by Mia Barnes
Are you one of the many taking advantage of a changing job market to upgrade your career? If you enjoy helping young people take charge of their health, a future in pediatric dentistry could be right for you.
Breaking in typically requires some schooling, although you’ll learn much of what you need to know on the job. You also need the perfect blend of compassion, empathy and a warm bedside manner. Ready to explore the field? Here are six facts about what it’s like to work in pediatric dentistry.
1. You Learn to Separate Fact From Myth
Did you know that the animal with the biggest teeth in the world doesn’t use them for eating or hunting? The sperm whale’s chompers can tip the scales at a kilo apiece, but they aren’t used for chewing plankton. Rather, this behemoth of the deep reserves them for display. Cueing your youngest patients into this groovy fact can inspire them to polish their own pearlies so they can show them off SeaWorld-style.
Some facts are a bit more sobering. Did you know that nearly a quarter of 2- to 5-year-old children have cavities already? Part of your career in pediatric dentistry includes educating patients and their parents on the correct cleaning schedule. The best time for their first visit is right after a tooth emerges or before their first birthday — whichever comes first.
2. You Get Specialty Training
There’s a world of difference between working with adult patients and the little ones. You’ll notice it regardless of whether you seek training as a dentist or hygienist or stick to administrative duties.
The most significant difference is that adult dentistry deals with a fully developed set of teeth. Pediatric dentistry, conversely, often focuses on baby teeth and those that follow later.
You may encounter impacted teeth, where adult chompers cannot erupt because of a baby tooth blocking the way. This condition normally strikes wisdom teeth but can occur elsewhere in the mouth. You’ll also spend time cheering up adolescent patients dismayed after learning they’ll need braces.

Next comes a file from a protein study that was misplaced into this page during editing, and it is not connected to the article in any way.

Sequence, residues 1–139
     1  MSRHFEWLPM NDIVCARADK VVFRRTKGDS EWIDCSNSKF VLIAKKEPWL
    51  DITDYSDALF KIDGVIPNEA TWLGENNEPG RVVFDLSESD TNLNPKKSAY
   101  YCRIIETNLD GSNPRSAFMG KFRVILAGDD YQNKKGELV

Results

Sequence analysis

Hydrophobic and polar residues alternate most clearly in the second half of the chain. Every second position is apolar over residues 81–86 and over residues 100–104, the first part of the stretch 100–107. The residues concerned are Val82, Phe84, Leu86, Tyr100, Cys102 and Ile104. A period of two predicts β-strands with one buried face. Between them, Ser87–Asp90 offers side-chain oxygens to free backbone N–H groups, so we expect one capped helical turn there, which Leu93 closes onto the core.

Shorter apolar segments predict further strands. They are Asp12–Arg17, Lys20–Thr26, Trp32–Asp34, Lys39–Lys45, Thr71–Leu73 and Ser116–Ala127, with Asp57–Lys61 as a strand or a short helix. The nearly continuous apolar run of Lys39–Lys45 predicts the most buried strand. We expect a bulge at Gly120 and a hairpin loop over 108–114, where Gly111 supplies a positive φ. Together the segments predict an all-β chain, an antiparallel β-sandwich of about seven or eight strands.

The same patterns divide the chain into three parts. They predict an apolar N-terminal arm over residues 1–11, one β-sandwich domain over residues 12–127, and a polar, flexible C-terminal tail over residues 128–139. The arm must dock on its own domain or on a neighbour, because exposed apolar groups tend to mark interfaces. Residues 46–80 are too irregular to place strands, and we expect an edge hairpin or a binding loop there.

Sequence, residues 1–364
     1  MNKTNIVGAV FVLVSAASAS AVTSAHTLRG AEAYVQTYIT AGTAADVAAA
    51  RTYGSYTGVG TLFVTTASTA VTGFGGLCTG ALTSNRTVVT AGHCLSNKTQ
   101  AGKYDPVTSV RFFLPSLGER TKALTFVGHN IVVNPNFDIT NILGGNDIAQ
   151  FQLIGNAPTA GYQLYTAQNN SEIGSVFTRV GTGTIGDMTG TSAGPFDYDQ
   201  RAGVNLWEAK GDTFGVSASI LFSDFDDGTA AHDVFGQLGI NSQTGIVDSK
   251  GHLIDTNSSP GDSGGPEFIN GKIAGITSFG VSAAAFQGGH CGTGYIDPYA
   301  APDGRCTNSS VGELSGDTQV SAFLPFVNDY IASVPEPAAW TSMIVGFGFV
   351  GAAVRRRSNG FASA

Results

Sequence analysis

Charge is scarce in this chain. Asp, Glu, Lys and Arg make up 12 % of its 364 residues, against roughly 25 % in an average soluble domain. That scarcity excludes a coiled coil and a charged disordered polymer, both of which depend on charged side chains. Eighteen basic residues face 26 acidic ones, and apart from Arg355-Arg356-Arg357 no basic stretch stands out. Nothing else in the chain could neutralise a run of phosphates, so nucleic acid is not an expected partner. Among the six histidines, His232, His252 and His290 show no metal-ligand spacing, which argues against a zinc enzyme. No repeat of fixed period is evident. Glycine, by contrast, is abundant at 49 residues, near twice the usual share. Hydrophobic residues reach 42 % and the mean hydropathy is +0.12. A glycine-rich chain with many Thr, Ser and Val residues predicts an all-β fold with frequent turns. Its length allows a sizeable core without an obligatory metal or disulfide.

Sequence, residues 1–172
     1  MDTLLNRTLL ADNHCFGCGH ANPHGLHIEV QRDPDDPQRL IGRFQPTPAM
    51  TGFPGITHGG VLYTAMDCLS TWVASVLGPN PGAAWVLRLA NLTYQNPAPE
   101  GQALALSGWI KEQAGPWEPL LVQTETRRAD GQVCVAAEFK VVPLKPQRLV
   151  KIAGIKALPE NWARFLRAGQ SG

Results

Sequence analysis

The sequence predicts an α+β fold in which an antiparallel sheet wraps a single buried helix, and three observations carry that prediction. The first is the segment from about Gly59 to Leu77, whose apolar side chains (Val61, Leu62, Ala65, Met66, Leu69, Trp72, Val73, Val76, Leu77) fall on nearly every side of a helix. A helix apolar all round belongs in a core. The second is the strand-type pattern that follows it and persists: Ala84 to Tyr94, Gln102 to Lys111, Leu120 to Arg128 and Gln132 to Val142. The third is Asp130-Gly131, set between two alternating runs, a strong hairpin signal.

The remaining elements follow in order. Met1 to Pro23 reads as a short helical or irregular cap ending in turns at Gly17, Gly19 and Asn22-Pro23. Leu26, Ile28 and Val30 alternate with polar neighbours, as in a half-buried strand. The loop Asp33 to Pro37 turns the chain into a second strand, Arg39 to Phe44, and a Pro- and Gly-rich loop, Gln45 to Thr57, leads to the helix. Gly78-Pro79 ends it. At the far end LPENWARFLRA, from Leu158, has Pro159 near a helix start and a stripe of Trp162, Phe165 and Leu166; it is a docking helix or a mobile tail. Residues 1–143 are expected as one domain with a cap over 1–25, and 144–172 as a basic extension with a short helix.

3. You Soothe Many Anxious Nerves
A child’s earliest experiences at a dentist go a long way toward influencing how compliant they’ll be with routine care as they age. Most adult insurance plans do not include dental coverage, and far too many adults already skip necessary treatments because of the expense. If they suffer flashbacks of painful experiences in the chair, they’ll be even less willing to cough up the cash once they clear their 18th birthday.
If your role gives you direct contact with patients, you’ll spend considerable time holding hands and reassuring little ones how brave they are. Your compassionate bedside manner could mean the difference between a young patient who grows up to have healthy teeth as an adult and one whose neglect leads to further health problems.
4. You Get to Give Away Fabulous Prizes
Believe it or not, many dentists used to reward kids with candy after a tough appointment. Most modern minds agree it’s better to go with treats that won’t rot their teeth, like balloons and small toys.
Either way, your work in pediatric dentistry will give you multiple occasions to distribute prizes. Seeing the smile on a little one’s face when you hand them a SpongeBob balloon for their bravery makes you quickly forget any tears they shed.
5. You Have a Fun Working Environment
Have you had your fill of spending eight hours a day staring at institutional green walls interrupted by cubicles? Why not upgrade to a fun working environment replete with bright colors and oodles of toys? A career in pediatric dentistry lets you do just that.
You might even get to bring out your artistic side if your practice decides to remodel. Painting a mural in your waiting room provides a necessary distraction. You can transform an entire wall into a “Where’s Waldo”-style puzzle with various objects for the toddler set to find.
Interactive toys can serve an educational purpose. For example, you can provide toy models of teeth in waiting areas. You can even find sets designed to help the littlest patients practice their brushing skills.
6. You Make a Lasting Difference in Family’s Lives
Perhaps the best reason to go into pediatric dentistry is the opportunity to make a lasting difference in patient lives. Teeth aren’t luxury bones — oral hygiene plays a vital role in overall health.
For example, the same plaque that causes gingivitis might increase an individual’s chance of developing Alzheimer’s disease. Your warm bedside manner they remember from childhood could inspire them to seek regular cleanings as adults, reducing the possibility they’ll battle dementia in their later years.
Pediatric Dentistry Is Worth Exploring
Has the great resignation got you thinking about changing careers? If you share a passion for children and health, perhaps pediatric dentistry is your calling.
Now that you know what it’s like to work in this exciting field, your next step is to explore your options. Polish your resume or start seeking the perfect certification program that helps you protect the teeth of future generations.
Mia Barnes is a health journalist and Editor in Chief at Body + Mind.
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